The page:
Triage system reduces ED use for cancer pain management
A multifaceted intervention strategy designed to recognize adverse events in patients with cancer reduced ED visits during offices hours 60%, according to study results presented at the Quality Care Symposium.
The overuse of the ED by patients with cancer is a known problem, leading to increased admission rates and health care expenditures, according to study background.
Brian Hunis, MD, medical director of quality initiatives and the head and neck cancer program at Memorial Cancer Institute in Hollywood, Florida, and colleagues found that between January 2015 and May 2015, 48% of ED visits at their institution made by patients with cancer occurred during regular office hours.
In an attempt to decrease ED visits 30% by September 2015, Hunis and colleagues developed a rapid cycle quality improvement project aimed at creating a project map for triage and patient scheduling.
The researchers designed a cause-and-effect diagram to identify potential causes of ED use. They also obtained diagnostic data from electronic medical records (EMR) of ED visits, which indicated patients with breast, hematologic or gastrointestinal cancers appeared most likely to use the ED. Reasons included treatment-related pain, diarrhea, nausea and fever.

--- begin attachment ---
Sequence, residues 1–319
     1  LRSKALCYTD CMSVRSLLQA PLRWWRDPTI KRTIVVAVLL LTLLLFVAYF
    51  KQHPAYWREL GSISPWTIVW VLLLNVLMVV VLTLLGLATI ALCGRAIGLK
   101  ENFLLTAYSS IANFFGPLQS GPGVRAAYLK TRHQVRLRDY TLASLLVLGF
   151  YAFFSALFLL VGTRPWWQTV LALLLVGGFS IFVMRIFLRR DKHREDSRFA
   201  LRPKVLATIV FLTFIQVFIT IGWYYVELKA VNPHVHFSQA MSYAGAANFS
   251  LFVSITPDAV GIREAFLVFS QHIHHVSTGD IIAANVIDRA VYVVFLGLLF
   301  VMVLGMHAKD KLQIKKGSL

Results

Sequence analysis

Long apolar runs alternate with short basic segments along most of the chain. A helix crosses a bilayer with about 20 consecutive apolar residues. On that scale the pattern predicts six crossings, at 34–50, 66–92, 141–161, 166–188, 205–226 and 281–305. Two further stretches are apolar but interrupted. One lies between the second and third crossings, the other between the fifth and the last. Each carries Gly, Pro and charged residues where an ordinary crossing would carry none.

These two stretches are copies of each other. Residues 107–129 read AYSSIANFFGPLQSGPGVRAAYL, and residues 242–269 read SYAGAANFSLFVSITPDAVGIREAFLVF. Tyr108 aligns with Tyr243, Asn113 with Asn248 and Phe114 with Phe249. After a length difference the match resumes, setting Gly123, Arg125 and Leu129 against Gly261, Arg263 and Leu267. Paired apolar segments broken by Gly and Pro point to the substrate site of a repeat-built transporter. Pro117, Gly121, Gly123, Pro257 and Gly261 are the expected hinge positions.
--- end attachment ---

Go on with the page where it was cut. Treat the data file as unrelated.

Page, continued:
Using these data, the researchers created two plan-do-study-acts (PDSA) to reduce ED visits.
The first PDSA involved the development of a telephone-based protocol system, in which telephone operators were trained to assess the severity of patient-reported symptoms and determine whether an ED referral should be recommended.
This system also used the skills of a triage nurse and encouraged participating oncology practices to add walk-in hours to their daily schedules.
The second PDSA involved patient education on chemotherapy-related adverse events, as well as tips on how to handle issues arising after office hours.
According to the researchers, the implementation of these triage strategies resulted in a 60% decrease in ED use by patients with cancer, which met the study’s endpoint.
They further reported an increase in patient calls to the patient access center telephone operating service.
Hunis and colleagues also have developed new materials for patient use. These include a telephone triage form that categorizes patient complaints and the resulting action taken by the patient access center, as well as a patient clinical intervention triage tracking log, which tracks all patients triaged, their data and the employees involved.
“By implementing this new system, our goal was to reduce unnecessary patient discomfort, interruptions in treatment and financial burden,” Hunis said in a press release. “This triage system is applicable to all patients on active treatment, regardless of the type of therapy they are receiving. We believe that other oncology practices could easily mimic our model.” – by Cameron Kelsall
Hunis B, et al. Abstract 51. Presented at: Quality Care Symposium; Feb. 26-27, 2016; Phoenix.
Disclosure: Memorial Healthcare System funded this study. Hunis reports stock ownership in Celgene. One other study researcher reports institutional research funding from Boehringer Ingelheim, Genentech/Roche, Merck Serono, Novartis and Pfizer.